From Converse to National Geographic: Hilary Koss ‘12
The week I began talking with Hilary Koss about her time at Converse and her role at National Geographic was a hectic one for her. Her email response to my request for an interview was, “Of course! I’m a bit tied up this week…I need to mentally prepare myself to meet Neil deGrasse Tyson, like the nerd I am.”
This self-proclaimed ‘nerd’ had an academic career at Converse that was not for the faint of heart. A double major in Theatre and Politics with a minor in History kept Hilary on her toes – not to mention the challenging demands of Model League.
After Converse, she headed to Queen’s University Belfast in Northern Ireland to earn her Masters in Comparative Ethnic Conflict. So how do you get from Converse to National Geographic? Hilary shares her journey with us.
Building the Foundation at Converse
“I chose Converse for Arab League and fell in love with the Theatre department. I acquired some of the most invaluable life skills I’ll ever learn while in the Hazel B. Abbott Theatre. By and large, though, the most positively influential teacher at Converse for me was Coach Moore.
I acquired some of the most invaluable life skills I’ll ever learn while in the Hazel B. Abbott Theatre.
If you want to dream up an ideal first boss for a kid in a strange new state on work-study, who could be a mentor and a confidant, then it is Margaret Moore all the way. She was always there if I needed someone to help or to teach me how to handle situations I may not have been ready for. She’s a total class act, and hands down the teacher with the greatest positive impact on my life and my time at Converse.”
From Couch-Surfing to Success
“I got started the way most folks in DC get started: one day you decide to crash on someone’s couch or in a group house and start applying for jobs. I cycled through temp jobs for the first two years I lived here, working everywhere from the US Capitol to a cat advocacy group. I already had my eyes open for something more meaningful, and I’d discovered that I really enjoyed creating content for a donor audience. When an opportunity to apply for an entry-level position in the Fundraising office opened up at National Geographic, I jumped at it—me and 136 other people.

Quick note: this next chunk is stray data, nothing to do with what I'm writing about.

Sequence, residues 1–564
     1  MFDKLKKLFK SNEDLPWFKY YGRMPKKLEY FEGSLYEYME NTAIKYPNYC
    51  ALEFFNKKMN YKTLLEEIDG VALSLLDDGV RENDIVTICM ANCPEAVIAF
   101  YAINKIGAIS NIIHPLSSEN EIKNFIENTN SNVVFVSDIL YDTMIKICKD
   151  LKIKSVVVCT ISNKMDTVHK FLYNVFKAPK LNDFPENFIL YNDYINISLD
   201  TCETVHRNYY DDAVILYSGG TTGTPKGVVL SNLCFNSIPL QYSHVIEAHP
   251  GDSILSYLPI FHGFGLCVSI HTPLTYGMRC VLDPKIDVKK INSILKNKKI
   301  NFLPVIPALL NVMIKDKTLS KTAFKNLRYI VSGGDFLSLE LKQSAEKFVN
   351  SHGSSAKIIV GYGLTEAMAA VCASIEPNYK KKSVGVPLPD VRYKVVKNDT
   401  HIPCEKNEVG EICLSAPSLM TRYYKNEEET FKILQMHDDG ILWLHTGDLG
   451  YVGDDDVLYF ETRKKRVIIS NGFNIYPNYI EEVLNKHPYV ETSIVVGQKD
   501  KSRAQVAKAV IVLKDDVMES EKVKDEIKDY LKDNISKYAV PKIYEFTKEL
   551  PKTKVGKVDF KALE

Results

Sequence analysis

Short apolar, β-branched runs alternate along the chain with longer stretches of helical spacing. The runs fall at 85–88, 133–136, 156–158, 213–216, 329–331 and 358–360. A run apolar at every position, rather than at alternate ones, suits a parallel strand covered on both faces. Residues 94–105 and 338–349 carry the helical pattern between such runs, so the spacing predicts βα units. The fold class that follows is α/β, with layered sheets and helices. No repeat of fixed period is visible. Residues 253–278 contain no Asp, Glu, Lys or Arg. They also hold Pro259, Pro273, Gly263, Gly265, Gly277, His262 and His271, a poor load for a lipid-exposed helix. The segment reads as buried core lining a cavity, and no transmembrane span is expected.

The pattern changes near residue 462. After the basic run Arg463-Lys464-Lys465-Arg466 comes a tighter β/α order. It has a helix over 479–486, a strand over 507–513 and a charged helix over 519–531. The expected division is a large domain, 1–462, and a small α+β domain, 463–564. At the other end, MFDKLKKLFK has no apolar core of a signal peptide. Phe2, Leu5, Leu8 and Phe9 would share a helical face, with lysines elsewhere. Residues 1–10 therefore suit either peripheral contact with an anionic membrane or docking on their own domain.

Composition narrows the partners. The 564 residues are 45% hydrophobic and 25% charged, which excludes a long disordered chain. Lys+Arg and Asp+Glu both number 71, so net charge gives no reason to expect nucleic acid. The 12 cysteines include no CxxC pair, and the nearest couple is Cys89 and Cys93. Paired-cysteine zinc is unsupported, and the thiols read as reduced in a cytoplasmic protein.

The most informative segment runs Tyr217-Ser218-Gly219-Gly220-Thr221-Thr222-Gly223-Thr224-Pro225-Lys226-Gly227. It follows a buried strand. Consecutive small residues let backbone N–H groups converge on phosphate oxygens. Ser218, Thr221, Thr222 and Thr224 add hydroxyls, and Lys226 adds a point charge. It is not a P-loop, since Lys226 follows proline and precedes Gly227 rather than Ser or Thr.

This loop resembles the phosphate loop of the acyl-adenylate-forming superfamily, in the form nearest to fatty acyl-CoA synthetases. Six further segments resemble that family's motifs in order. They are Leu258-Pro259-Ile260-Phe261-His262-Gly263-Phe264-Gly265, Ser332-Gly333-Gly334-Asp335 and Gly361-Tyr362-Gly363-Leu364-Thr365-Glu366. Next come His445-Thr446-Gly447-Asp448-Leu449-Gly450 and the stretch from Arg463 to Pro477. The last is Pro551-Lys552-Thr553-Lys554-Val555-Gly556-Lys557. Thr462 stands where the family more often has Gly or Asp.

To this day, I’m positive I got it because the cover for the National Geographic that month was Pluto and I am obsessed with space. One of my interviewers asked me about it and I went on and on about the exact time data was going to be available that day — how I had the first clear picture of Pluto as the screensaver on my phone — how we were living through actual history. Then, my soon-to-be-boss closed the notebook she’d been taking notes in and said, ‘I think you’ll fit in just fine.’”
Theatre and Politics: An Unlikely Union
“My primary role in Theatre at Converse was as a stage manager. Finding a way to project manage and communicate your needs clearly to your coworkers has become the single most useful tool in my arsenal, especially at National Geographic. Their brand is so well known and powerful that using it requires multiple layers of approval, not at all unlike working across the props, set, lightning, costume, and acting teams in a theatre production.
I was in Model League during all four years at Converse, and basically learned to talk my way out of a paper bag.
At least once a year I took Politics classes in genocide or political violence of some kind. Finding a way to shine light on those issues and dig beyond the horror and into the theory translated well into my Masters degree.
These qualifications also give me an added layer of clout when I advocate on behalf of programs that are within my niche. A good example is PhotoCamp, a program which puts the power of storytelling into the hands of refugees and migrants. With my background, I’m able to say that PhotoCamp is a paramount program for the world.
I was in Model League during all four years at Converse, and basically learned to talk my way out of a paper bag. It’s helped me lobby for myself in a way I never would have thought possible.”
Climbing the Ladder at National Geographic
“My first job here was supposed to be purely administrative, but it got my foot in the door and I was thrilled! I scanned, “data entry-ed”, compiled expense reports for the gift officers, etc.
I was lucky, though, that half of my job was supposed to be as an assistant to a Vice President, but that Vice President was never hired. It gave me time to think through a lot of the processes that had been in place for years and how they could be improved. As a bona fide nerd, I was able to automate a lot of what I was doing and open myself up to ask others if they needed help with anything. That gave me a lot of experience in a very short amount of time.
My supervisors and coworkers were incredibly trusting. They are the reason I felt empowered enough to start taking ownership of things that someone in my position wouldn’t normally be able to take on. When my boss was promoted but they hadn’t hired a replacement, I practically threw myself in her path to take on some of those responsibilities. Since she already trusted me to expand beyond my role in the past, I was able to learn quickly under her incredible guidance.
Within six months of first raising my hand, I had gone through an entire marketing cycle of projects and was as trained as I could ever be. My boss is always my fiercest advocate and helped me lobby for my current position and I got it!”
Coming Full Circle
One of my favorite experiences was the first time I saw the National Geographic icon on something I designed. For someone who had been tripping through temp jobs and living in a basement apartment the size of my cubicle, to place that icon on something I had made was the moment it all became real for me. I had finally made it.”